Where does the money go?

Sunday News - - FRONT PAGE -

Vet­er­ans’ Af­fairs paid $1,503,000 to­wards the up­keep of 183 ser­vice ceme­ter­ies across New Zealand in the 2017/18 fi­nan­cial year.

The to­tal in­cludes $392,000 for re­pair and devel­op­ment work to sub­con­trac­tors, one be­ing Bronze Plaques NZ.

Bronze Plaques NZ was also paid $30,000 for in­spec­tions of ceme­ter­ies, and re­ceived a share of Vet­er­ans’ Af­fairs $761,000 given to con­trac­tors for plaques and head­stones, for the same time pe­riod.

An an­nual grant of up to $320,000 was paid to six lo­cal au­thor­i­ties.

These are mostly coun­cils, al­though six ser­vices ceme­ter­ies are man­aged by lo­cal Royal New Zealand Re­turned and Ser­vices As­so­ci­a­tions, five by ceme­tery boards, and one by the NZDF. The amount is a con­tri­bu­tion, and is based on ceme­tery size. While the grant cov­ers main­te­nance costs, like lawn mow­ing and other mi­nor main­te­nance, it does not cover clean­ing plaques.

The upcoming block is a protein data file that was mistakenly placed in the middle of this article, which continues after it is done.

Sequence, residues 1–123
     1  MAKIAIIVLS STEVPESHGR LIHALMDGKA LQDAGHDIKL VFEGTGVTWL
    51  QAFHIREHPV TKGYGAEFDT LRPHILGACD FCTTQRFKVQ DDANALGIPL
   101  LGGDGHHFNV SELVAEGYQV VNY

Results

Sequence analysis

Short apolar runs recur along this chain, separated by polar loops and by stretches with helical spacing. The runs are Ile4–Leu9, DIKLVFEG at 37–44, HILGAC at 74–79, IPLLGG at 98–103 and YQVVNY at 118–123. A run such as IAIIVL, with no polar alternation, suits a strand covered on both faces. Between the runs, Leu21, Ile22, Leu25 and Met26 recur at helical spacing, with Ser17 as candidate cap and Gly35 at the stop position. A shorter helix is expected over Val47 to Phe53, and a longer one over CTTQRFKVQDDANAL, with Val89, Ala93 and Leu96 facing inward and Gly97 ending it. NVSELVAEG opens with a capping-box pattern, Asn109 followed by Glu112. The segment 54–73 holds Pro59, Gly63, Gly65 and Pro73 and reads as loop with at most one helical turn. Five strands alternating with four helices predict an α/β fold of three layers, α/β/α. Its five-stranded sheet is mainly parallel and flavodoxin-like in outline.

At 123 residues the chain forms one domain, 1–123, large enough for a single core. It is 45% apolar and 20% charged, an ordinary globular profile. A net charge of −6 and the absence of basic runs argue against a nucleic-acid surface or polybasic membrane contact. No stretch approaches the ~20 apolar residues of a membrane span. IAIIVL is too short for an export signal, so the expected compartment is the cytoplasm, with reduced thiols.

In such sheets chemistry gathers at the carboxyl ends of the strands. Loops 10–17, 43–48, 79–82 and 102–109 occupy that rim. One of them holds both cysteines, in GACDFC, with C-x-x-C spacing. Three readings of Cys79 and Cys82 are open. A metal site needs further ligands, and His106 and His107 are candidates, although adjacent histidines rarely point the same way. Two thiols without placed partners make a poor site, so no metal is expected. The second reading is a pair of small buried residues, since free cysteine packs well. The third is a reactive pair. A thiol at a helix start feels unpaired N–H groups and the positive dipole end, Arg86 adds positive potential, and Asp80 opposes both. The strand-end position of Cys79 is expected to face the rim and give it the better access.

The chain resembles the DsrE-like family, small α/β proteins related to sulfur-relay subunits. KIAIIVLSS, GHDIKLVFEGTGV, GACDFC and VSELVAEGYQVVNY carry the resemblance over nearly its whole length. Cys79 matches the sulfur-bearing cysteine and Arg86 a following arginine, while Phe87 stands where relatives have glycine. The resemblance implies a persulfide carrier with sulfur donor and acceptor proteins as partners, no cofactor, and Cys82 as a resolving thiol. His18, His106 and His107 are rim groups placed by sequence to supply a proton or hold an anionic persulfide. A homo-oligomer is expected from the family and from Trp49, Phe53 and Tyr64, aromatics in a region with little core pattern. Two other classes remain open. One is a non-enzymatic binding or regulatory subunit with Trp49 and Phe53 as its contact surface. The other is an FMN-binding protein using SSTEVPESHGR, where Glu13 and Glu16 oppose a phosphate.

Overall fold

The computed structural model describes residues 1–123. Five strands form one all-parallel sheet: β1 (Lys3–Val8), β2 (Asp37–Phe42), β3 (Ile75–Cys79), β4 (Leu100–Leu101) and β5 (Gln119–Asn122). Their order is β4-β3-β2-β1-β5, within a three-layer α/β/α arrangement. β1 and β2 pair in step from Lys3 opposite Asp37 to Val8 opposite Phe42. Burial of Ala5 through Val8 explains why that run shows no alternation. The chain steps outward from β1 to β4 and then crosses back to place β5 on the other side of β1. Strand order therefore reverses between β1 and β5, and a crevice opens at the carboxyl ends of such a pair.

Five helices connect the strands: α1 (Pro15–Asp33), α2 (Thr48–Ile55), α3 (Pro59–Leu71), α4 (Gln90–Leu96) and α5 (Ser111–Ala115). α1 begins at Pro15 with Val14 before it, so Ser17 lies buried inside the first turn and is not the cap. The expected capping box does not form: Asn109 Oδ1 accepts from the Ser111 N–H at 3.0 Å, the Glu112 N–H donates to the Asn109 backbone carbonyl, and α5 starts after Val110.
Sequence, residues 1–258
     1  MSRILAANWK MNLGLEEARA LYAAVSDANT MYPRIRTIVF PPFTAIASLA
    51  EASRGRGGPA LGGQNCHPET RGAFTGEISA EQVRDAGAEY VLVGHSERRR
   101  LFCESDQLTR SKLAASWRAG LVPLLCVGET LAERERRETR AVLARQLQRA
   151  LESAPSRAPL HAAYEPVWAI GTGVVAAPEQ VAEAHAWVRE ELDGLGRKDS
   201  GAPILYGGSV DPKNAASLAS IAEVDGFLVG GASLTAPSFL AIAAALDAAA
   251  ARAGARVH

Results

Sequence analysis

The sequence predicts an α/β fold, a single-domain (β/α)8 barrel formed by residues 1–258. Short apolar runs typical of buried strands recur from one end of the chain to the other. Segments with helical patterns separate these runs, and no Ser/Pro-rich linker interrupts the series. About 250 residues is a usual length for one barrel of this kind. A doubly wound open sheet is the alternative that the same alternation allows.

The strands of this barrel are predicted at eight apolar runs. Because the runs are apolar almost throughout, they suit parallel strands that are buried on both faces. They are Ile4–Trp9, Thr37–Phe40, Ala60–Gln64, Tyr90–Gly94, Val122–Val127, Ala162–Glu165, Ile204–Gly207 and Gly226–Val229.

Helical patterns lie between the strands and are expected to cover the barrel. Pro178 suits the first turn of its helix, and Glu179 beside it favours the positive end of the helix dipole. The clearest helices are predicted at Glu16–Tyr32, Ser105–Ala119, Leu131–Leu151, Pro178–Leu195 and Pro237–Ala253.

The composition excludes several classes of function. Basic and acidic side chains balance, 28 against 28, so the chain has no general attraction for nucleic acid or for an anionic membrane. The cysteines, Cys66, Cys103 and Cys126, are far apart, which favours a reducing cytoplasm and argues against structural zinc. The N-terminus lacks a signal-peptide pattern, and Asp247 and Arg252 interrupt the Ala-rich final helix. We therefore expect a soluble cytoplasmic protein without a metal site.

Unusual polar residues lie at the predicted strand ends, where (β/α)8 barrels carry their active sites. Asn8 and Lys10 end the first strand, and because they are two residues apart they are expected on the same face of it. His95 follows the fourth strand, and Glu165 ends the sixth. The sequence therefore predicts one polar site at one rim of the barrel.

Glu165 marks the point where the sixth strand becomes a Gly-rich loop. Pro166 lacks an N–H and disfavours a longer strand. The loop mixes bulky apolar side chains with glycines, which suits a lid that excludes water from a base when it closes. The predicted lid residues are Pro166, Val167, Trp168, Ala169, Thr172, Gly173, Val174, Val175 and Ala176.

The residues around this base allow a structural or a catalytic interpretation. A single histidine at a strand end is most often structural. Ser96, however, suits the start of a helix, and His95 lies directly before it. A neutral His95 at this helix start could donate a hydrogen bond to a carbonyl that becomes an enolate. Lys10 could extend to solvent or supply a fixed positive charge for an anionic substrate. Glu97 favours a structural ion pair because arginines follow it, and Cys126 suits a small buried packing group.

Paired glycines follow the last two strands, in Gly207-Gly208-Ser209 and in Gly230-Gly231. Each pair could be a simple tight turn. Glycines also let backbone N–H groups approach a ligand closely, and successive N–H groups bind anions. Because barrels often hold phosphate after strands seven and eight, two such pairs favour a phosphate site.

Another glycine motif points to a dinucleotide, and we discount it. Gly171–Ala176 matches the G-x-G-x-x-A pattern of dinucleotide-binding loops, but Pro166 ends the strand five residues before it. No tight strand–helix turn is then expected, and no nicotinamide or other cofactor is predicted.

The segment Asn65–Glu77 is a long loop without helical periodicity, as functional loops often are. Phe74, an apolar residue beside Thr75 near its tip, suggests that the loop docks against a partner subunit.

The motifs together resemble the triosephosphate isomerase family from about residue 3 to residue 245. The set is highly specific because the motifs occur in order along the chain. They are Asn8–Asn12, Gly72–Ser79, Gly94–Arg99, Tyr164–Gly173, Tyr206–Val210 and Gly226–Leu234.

Dur­ing the course of the Sun­day News in­ves­ti­ga­tion, at­ti­tudes to­wards the Re­mem­brance Army have var­ied from out­right at­tempts to thwart clean­ing par­ties, to more wel­com­ing, al­beit still bu­reau­cratic, hoops to jump through.

All par­ties are hop­ing for a more cohesive ap­proach to main­tain­ing the graves, and dis­cussed a fu­ture di­rec­tion at two re­cent meet­ings.

The meet­ings in­cluded CHRIS MCKEEN/STUFF

the Re­mem­brance Army, the Min­istry for Cul­ture and Her­itage, the RSA, the Ceme­ter­ies and Cre­ma­to­ria Col­lec­tive, and the ma­sons as­so­ci­a­tion.

‘‘These meet­ings aimed to en­cour­age a co­or­di­nated ap­proach, en­sure all health and safety re­quire­ments are met, ev­ery­one un­der­stands the com­plex­i­ties in­volved,’’ a Vet­er­ans’ Af­fairs spokesper­son says.

Bronze Plaques NZ was not at the meet­ings. Most agen­cies are prais­ing the works of Strom­bom and his team, who are still do­ing the work for free.

In To­laga Bay, long af­ter the rain clouds have closed in, mem­bers of the Re­mem­brance Army fin­ish up the last of the grave­stones.

When they ar­rived, the lichen-stained grave­stones were dark and un­read­able. As they leave, the name, rank and se­rial num­ber of ser­vice­men and women beam brightly, each read­able from 15 me­tres away.

To New Zealand Re­mem­brance Army mem­bers, it feels like bring­ing some­one

back to life.

Vet­eran Bob Der­win cleans the grave of a mate who died in an ac­ci­dent af­ter re­turn­ing from Viet­nam.


Rob­bie, 13, touches up a sil­ver fern on a war vet­eran’s grave.

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